Stanford prof: Temples must be marketing oriented

Peering down the hall from his office in the Stanford Graduate School of Business, Professor Jeffrey Pfeffer could spend a couple of minutes rattling off the names of his Jewish colleagues who are married to non-Jewish spouses.

It is a less arduous task to list the intermarried business professors who remain affiliated with the Jewish community — so far as he knows, Pfeffer's the only one.

"So, in every other case, these people are in the process of losing any connection with the organized Jewish community," said Pfeffer, who will be speaking at Congregation Emanu-El in San Francisco at 7:30 p.m. Wednesday. "I think that's too bad."

Had things gone only a little differently for Pfeffer, he too might be unaffiliated. Hoping to find a synagogue back in 1986 where he could marry his non-Jewish fiancée, Pfeffer traveled from congregation to congregation, only to garner the same result — a polite "no."

Yet after much searching, a congregation eventually found him. After Pfeffer told a friend about his plight, the friend — a congregant at San Francisco's Reform-Conservative Beth Israel-Judea — dropped a line to then-Rabbi Herbert Morris.

"The next morning, my phone rings — my phone rings — and a voice says, 'This is Rabbi Herbert Morris. My friend told me about your situation and I'll perform your marriage,'" recalled Pfeffer. "I thought if I couldn't get a Reform congregation to do it, I'd never get a Reform-Conservative congregation."

Morris, however, had given this subject a great deal of thought.

"He said, 'Here we have a nice Jewish boy who was bar mitzvahed and confirmed who met someone and fell in love. We have two choices: If you can't get married in a temple, you'll still marry her. And if you don't marry her in a temple, you'll never go into a temple again,'" recounted Pfeffer.

"The rabbi is a smart man."

Still happily married, Pfeffer and his wife, Kathleen Fowler, are both members of Congregation Beth Israel-Judea.

His talk at Emanu-El will focus on "what not to learn" from Silicon Valley business practices.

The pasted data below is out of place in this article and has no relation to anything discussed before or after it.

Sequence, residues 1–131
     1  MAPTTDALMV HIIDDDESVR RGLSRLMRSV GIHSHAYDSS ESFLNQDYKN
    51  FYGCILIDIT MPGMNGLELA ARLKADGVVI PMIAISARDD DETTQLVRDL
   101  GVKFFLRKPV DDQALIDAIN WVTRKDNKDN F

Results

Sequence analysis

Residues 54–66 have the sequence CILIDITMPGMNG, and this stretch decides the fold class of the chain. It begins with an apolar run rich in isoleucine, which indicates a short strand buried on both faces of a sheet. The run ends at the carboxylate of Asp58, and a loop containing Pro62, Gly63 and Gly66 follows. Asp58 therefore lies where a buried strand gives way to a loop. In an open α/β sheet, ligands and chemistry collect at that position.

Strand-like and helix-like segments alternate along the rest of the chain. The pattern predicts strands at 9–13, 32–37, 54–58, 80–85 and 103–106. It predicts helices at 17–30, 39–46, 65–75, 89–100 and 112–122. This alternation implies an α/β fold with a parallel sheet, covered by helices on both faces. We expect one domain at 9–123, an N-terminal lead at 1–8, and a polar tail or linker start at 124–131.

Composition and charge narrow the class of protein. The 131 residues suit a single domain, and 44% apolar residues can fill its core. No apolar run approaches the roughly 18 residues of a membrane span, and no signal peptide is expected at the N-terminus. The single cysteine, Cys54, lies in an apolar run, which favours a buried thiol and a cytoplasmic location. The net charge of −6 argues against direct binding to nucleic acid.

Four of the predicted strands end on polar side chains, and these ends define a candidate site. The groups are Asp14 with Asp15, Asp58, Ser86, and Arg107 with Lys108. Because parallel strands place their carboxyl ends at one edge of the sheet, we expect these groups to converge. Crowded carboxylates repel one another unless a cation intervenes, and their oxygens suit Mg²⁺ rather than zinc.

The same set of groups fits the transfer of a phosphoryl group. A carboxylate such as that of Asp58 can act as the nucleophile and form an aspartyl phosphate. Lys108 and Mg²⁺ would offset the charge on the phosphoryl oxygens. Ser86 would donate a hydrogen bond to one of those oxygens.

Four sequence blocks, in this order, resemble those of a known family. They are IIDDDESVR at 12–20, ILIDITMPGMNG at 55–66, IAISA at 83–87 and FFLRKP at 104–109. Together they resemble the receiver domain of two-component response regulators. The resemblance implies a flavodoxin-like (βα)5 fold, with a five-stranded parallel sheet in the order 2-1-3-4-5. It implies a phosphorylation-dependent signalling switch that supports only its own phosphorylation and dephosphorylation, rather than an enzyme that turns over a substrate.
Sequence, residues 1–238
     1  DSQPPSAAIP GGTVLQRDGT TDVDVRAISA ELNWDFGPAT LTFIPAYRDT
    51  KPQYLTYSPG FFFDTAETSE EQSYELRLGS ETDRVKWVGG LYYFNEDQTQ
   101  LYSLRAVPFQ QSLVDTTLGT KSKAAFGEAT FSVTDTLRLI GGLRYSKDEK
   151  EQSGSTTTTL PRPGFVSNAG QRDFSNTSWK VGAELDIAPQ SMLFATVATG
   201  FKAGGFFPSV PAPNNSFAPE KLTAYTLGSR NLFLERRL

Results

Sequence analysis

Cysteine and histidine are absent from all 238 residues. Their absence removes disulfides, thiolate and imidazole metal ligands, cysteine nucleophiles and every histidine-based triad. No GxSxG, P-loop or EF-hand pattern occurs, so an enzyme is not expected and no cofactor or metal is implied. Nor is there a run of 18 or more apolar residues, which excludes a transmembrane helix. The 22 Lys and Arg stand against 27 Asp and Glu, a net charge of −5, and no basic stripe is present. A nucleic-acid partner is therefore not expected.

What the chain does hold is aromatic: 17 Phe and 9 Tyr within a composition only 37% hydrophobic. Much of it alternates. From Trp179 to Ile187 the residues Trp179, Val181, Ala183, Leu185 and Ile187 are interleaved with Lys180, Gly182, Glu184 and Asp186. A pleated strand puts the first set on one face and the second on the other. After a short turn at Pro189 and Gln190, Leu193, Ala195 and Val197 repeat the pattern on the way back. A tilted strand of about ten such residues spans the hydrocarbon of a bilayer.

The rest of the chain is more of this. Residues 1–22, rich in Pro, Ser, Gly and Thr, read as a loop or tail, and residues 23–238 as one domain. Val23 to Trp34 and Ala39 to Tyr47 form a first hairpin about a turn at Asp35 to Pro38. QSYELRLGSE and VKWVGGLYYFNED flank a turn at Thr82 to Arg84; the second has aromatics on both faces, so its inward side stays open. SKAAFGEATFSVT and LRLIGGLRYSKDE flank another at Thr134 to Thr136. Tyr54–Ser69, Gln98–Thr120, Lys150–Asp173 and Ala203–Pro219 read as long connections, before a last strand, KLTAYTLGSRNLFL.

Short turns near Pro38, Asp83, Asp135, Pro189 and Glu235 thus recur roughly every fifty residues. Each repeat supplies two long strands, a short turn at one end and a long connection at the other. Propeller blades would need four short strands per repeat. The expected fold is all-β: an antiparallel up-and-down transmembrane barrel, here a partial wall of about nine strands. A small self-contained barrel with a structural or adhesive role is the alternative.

An organizational expert, the professor sees his personal experience as an example of much of what is wrong with Jewish organizations. To start with, he points out how rare it was for Morris to have called him, and not the other way around.

"I know I have a lot of friends who are unaffiliated Jews, and if someone called them up and said 'We're interested in helping you reconnect with your Jewish history and tradition and heritage in a way that feels good for you,' the first thing most of them would need is to be brought some smelling salts," he said.

"I wonder sometimes if Jewish organizations are as inclusive and reaching out — 'marketing oriented' to use the business phrase — as they ought to be. There are an enormous amount of unaffiliated Jews. We ought to reach out to people, get people involved. If Amazon can find me, then a temple can find me."

Hearkening back to the rejection he experienced from multiple congregations in 1985, Pfeffer describes Jewish organizations as "schizophrenic" when it comes to matters of inclusion and exclusion.

"There is a great concern about assimilation and losing our Jewish identities through intermarriage," said the professor. "Fifteen years ago, I ran into a number of congregations who said, 'We're not interested in any part of this.'"

But, peering again down the hall at his unaffiliated colleagues, Pfeffer brings up the other side of the argument.

Congregations "have a set of values and a set of operating principles, and it's their right to have that," he said. "But for the community on the whole, there is a consequence."

Joe Eskenazi

Joe Eskenazi is the managing editor at Mission Local. He is a former editor-at-large at San Francisco magazine, former columnist at SF Weekly and a former J. staff writer.